Joshua James (lifesaver) - Footnotes


  1. ^ A woman's name of Hebrew origin meaning "my delight is in her".
  2. ^ It was a common practice to light a bonfire close to any shipwreck that could not be rescued immediately. This was done to let the surfmen have enough light to see the shipwreck, help keep the watching surfman warm, and let the survivors of the shipwreck know that they had not been abandoned.
  3. ^ The station's surfboat was destroyed by a huge wave during the rescue. Joshua James was in the boats on all five trips, Osceola James, Alonzo L. Mitchell, John L. Mitchell, and Louis F. Galiano were in four of the five boat crews, and the eighteen others in trips of lesser number. It is also noteworthy that four members of the James family, four members of the Galiano family, and ten of the Mitchell family were members of the crew.
  4. ^ The Nantasket was built by Joshua's brother Samuel. It was a very large surfboat specially built for the sea and surf conditions around Hull; its design and construction were untested.
  5. ^ After Joshua James transferred to the U.S Life Saving Service, his son Osceola succeeded him as the Massachusetts Humane Society Keeper for Hull until 1928.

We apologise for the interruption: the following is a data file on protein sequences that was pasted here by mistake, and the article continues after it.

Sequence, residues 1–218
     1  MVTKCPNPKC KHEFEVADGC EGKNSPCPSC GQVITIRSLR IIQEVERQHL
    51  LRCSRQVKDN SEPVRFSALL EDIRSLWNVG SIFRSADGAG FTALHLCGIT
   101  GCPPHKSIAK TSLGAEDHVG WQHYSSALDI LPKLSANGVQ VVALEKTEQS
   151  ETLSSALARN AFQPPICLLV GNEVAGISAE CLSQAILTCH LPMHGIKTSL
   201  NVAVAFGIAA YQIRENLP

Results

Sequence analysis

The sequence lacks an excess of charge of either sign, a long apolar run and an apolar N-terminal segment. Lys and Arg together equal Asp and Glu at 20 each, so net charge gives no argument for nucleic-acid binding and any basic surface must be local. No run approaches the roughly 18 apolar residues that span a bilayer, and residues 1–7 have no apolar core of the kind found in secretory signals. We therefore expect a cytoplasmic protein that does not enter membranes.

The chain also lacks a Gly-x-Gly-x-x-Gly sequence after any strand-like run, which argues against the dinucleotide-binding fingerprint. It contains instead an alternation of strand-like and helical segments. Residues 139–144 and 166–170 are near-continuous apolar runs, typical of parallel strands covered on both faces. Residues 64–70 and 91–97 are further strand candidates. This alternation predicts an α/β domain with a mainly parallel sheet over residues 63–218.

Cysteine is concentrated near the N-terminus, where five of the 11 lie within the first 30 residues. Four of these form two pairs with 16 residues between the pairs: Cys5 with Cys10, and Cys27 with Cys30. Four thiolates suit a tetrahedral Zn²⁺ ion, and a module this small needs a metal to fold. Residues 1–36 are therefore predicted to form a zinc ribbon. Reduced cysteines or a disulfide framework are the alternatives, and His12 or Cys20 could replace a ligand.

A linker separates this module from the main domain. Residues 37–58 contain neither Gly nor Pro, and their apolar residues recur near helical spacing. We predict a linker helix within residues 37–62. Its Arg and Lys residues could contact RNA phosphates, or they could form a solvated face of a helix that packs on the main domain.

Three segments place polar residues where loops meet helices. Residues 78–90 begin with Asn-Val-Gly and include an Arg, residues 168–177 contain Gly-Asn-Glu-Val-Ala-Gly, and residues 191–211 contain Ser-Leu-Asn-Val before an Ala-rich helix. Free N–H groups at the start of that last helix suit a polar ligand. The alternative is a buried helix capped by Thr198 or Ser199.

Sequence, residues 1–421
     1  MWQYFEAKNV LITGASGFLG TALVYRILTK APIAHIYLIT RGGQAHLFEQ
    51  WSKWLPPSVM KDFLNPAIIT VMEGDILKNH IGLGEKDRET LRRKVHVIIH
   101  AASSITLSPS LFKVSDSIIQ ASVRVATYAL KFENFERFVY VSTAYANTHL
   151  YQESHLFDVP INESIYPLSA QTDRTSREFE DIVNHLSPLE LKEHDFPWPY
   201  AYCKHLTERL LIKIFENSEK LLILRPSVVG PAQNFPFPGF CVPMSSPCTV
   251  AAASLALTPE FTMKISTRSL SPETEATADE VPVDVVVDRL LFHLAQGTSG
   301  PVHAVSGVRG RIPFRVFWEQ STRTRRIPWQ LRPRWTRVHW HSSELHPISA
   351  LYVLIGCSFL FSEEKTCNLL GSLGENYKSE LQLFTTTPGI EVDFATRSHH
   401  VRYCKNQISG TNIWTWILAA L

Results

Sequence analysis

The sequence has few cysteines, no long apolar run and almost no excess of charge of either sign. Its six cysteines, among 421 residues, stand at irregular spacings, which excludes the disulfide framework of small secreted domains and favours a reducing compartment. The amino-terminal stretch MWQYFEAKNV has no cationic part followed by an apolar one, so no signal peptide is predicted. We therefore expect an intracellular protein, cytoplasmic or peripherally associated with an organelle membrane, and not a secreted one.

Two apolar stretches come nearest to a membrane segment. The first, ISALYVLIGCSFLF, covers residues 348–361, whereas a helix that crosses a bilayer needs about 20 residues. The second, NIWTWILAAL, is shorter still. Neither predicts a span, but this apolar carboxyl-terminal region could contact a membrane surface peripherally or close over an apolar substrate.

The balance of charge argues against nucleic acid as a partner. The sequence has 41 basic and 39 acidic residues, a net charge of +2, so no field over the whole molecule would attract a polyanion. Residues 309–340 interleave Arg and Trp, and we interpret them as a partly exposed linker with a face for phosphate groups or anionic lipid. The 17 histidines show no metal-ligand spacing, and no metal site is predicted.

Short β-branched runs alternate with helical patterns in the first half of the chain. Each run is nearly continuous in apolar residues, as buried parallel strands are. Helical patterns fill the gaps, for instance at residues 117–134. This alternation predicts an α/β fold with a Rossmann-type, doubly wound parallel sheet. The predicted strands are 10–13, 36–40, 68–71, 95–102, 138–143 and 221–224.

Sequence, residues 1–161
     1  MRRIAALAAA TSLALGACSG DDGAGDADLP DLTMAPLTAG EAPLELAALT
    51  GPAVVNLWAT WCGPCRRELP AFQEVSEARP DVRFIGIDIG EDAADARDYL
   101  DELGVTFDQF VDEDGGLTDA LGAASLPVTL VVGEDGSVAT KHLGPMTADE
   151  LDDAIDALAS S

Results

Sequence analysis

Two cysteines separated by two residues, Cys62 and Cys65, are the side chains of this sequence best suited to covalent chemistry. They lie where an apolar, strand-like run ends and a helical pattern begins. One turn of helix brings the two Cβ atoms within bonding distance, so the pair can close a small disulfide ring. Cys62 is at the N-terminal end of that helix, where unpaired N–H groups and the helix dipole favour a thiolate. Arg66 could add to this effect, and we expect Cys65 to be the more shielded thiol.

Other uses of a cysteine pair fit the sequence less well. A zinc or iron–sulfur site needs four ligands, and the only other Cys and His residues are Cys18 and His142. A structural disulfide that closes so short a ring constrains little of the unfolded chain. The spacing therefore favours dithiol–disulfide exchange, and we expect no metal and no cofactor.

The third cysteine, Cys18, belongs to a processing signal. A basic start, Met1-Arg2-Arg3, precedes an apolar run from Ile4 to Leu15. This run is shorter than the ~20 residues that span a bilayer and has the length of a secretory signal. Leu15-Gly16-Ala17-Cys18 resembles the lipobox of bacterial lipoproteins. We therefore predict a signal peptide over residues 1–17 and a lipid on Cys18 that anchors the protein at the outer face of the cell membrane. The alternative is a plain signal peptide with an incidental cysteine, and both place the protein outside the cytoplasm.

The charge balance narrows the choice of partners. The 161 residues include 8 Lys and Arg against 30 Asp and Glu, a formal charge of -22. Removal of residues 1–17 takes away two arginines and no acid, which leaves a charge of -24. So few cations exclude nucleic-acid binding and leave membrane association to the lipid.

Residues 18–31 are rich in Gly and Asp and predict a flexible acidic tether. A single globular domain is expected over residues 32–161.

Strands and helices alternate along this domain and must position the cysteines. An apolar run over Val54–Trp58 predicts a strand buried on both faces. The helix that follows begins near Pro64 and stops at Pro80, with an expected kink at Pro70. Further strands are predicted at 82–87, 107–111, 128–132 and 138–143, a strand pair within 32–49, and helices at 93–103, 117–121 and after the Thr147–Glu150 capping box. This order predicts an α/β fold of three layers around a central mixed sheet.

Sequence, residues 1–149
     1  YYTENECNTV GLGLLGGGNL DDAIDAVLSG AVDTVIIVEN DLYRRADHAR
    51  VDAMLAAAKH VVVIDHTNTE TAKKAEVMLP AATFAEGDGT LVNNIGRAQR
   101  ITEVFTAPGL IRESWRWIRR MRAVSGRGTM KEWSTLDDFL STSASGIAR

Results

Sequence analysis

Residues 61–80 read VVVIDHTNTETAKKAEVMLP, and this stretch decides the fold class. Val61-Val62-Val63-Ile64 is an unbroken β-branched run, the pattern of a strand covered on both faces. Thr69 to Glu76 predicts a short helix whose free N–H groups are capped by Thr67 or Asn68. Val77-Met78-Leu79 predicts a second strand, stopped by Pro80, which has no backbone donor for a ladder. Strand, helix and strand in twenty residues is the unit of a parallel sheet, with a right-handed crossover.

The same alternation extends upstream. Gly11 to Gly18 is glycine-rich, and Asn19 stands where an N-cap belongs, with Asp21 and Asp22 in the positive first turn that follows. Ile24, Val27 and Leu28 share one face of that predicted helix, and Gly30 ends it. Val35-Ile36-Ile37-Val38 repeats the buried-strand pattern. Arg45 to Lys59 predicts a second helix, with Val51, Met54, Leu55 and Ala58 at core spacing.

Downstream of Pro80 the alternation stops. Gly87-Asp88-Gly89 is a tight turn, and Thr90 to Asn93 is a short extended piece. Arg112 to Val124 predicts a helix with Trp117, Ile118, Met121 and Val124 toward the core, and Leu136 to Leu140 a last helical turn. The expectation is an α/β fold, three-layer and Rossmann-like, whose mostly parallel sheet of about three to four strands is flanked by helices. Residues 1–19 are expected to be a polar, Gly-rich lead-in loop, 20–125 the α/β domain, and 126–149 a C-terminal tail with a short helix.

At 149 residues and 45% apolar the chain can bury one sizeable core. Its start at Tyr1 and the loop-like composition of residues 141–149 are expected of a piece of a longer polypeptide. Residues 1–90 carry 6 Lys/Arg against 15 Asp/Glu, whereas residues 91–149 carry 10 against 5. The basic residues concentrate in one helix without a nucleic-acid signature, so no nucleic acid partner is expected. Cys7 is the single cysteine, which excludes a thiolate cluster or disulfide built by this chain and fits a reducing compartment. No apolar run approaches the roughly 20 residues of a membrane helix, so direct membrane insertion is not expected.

6. ^ While a rescue was in progress, the wives of surfman would gather at the station, stoke a roaring fire in the stove, set out blankets and dry clothing, and prepare hot beverages. When the survivors and rescuers arrived, the women would then tend to them by treating any injuries and hypothermia. Without the action of the wives, shipwrecked sailors who survived the initial rescue and their rescuers could have died from untreated hypothermia or other injuries.
  7. ^ Joshua James did not provide an exact description of method and maneuvers used.
  8. ^ In theory a person could remain with the U.S. Life Saving Service forever, as long as they passed the annual physical.
  9. ^ In 1882 a limited compensation was put into force whereby a widow would receive one year's pay if a lifesaver was killed in the line of duty.
  10. ^ Sumner Increase Kimball had lobbied Congress unsuccessfully from 1876 to 1914 to provide a pension for the Service. The lack of a pension was unfair to those who served in all kinds of weather and with a very real chance of serious injury or death only to be dismissed or forced to resign due to injury or infirmities of advancing age.

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